Is your to-do list looking more daunting than doable lately? It happens to the best of us sometimes. Fortunately, there’s several easy ways you can tame your to-do list and improve your productivity--and in turn, your product.
Here’s 3 steps you can take to start tackling your to-do list:
Everyone has their own organization style, and that’s okay. You may even feel like your style is working fine, but you feel overloaded anyway - if so, skip to the next section. But if you're looking to mix up your day-to-day task tools, here are some suggestions. In the end, what really matters is that whatever tool you use (even if you stick with pen and paper) is one you like using enough that you’ll be willing to maintain it.
What it is: Trello is a project management tool that’s intended to keep groups organized, but it also works well for personal to-do list tasks. If you're a fan of the kanban system, this will become your go-to method of organization.
How to use it: You can create Trello boards for each major project you’re working on, create “cards” representing to-do list items for each project, and track progress by moving the cards between “lists” such as “ideas” “To-Do” “In Progress” and “Done.”
What it does well: As mentioned above, Trello is great if you’re collaborating with multiple people so if you’re looking for a way to communicate with other departments and see their progress it may be a good bet for you. Plus, now that it's part of the Atlassian family, it's even easier to integrate with Trello tasks with JIRA or HipChat.
What it is: Asana is a versatile task management solution that allows you to manage both personal and team projects.
How to Use it: You can create projects and tasks within the projects, assign tasks to teammates and track progress. From your dashboard, you’ll be able to see your own tasks and organize them however you’d prefer.
What it does well: With a slogan like “Teamwork without email,” Asana is just that, a good collaboration tool for your team that is intended to reduce the number of back and forth emails about what needs to be done and when. Aericon has a post on its blog about how they use Asana for product management - we here at UserVoice are also a fan of keeping tabs on marketing projects via Asana.
What it is: Google Docs is the leanest solution here: if you want to ditch your paper to-do list for something that is a little easier to share with your team, but you're not in the market for a full-on task manager, here's your best bet.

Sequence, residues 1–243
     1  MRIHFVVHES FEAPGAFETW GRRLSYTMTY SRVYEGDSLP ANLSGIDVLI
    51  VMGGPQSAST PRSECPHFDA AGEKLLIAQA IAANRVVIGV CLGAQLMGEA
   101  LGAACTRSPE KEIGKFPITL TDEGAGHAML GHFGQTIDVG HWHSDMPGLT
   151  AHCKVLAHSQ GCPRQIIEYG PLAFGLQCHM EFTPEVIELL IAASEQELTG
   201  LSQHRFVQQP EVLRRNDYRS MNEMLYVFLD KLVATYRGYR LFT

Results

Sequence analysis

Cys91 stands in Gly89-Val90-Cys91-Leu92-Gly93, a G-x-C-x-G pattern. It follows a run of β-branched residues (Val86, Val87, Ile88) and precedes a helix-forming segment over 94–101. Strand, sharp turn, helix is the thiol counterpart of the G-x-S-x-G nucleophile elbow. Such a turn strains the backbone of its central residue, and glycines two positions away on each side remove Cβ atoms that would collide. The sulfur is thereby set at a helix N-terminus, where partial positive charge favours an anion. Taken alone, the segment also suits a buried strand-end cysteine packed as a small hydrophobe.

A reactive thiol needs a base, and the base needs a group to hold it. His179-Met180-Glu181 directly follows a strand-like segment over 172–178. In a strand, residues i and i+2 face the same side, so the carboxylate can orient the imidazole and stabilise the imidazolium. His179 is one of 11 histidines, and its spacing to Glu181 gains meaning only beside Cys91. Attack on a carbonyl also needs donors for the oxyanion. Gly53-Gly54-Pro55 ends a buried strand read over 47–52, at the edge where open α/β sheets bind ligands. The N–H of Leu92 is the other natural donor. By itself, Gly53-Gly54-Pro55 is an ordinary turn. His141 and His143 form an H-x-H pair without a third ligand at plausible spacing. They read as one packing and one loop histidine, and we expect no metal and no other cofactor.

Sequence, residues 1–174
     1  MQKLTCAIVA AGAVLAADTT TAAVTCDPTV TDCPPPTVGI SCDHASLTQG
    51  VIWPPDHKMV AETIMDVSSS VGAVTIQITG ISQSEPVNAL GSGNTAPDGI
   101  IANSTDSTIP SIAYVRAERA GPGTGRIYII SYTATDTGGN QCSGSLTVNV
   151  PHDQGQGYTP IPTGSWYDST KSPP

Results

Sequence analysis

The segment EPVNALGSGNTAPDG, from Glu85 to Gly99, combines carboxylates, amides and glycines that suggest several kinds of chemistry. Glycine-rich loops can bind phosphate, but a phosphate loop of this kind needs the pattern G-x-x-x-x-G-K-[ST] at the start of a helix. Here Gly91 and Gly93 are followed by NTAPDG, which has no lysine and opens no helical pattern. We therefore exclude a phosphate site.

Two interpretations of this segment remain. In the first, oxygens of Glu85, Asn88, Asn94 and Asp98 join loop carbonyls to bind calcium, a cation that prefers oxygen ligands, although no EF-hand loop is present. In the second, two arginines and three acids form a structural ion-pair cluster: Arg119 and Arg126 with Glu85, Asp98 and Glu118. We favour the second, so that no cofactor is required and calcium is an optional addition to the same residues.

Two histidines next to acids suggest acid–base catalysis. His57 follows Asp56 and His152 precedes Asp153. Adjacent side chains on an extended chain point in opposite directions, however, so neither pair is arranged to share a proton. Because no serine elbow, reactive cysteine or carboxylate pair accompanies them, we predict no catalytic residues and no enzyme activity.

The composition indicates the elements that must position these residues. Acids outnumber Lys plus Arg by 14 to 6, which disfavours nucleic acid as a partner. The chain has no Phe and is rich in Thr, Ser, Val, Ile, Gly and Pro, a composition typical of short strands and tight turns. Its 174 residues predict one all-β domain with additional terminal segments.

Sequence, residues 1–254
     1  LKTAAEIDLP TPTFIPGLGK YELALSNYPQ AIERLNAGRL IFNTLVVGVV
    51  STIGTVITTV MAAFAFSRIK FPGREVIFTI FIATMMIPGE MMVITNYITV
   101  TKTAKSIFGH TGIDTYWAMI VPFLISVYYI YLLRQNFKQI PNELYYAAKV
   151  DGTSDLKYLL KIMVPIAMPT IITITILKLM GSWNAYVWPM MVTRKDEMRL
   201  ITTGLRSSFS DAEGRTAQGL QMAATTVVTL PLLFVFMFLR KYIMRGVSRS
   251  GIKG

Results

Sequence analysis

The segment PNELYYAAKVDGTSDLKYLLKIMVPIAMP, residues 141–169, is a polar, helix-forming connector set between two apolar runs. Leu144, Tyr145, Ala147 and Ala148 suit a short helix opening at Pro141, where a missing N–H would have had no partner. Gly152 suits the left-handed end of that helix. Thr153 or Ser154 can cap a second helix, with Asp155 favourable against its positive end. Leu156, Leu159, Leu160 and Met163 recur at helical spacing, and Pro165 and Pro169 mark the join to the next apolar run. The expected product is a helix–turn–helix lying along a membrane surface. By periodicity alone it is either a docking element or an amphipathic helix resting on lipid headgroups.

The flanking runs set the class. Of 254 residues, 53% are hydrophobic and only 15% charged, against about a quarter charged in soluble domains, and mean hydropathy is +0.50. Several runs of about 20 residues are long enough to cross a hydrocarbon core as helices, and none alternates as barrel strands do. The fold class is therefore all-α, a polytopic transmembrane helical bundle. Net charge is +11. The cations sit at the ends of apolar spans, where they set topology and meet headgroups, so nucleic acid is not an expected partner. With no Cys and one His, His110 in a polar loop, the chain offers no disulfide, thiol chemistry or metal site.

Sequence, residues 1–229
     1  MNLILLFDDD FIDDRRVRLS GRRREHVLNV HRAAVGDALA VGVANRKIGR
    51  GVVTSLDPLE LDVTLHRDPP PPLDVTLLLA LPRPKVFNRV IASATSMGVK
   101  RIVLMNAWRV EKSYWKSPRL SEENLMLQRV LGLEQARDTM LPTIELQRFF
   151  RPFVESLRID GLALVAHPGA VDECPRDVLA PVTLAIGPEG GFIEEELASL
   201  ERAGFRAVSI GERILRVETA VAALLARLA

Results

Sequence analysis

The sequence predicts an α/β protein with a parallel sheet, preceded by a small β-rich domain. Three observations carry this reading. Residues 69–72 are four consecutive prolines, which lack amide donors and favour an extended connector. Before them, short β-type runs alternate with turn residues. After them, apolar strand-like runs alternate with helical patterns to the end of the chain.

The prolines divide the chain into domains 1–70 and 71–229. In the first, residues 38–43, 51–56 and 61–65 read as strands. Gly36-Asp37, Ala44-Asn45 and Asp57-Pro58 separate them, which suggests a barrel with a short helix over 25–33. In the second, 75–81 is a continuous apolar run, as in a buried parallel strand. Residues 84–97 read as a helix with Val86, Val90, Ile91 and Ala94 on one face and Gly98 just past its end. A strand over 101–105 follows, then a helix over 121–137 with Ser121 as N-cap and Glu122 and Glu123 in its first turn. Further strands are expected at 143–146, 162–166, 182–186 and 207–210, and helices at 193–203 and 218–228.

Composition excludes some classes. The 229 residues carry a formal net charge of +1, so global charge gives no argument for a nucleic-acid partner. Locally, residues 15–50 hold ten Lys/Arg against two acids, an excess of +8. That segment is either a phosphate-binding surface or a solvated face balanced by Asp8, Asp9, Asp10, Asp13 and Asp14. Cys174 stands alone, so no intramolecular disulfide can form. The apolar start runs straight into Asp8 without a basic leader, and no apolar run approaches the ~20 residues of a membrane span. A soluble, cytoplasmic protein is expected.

How to use it: There’s a ton of ways to use Google Docs to organize your projects and tasks, but one option is to use Google Sheets to make a list of each project and task you’re working on and its status and use colored headings to separate tasks by project. There’s also lots of project management templates out there for Google Docs that you could experiment with.
What it does well: It’s an extremely basic, simple solution. It’s easy to share Google Docs with your team if you want to collaborate, but if active task assignment and/or progress marking is important to you, Asana or Trello are probably a better bet.
Remember the first rule of getting stuff done: you can’t do it all. Trying to do everything is a great way to burn out, and as a Product Manager you must learn to prioritize “ruthlessly”...or else. As Kenton Kivestu wrote in a post about skillsets for PM success,
“Just like a product that tries to do everything, a PM that tries to do everything will fail.”
Kivestu isn’t the first to urge Product Managers to get their priorities straight; back in 2005 the Silicon Valley Product Group warned PMs about poor time management in "Behind Every Great Product":
“It is absolutely essential to get very skilled at distinguishing that which is important from that which is urgent, and to learn to prioritize and plan your time. If you can’t manage to get the time to focus on those tasks which are truly important to your product, your product will fail.”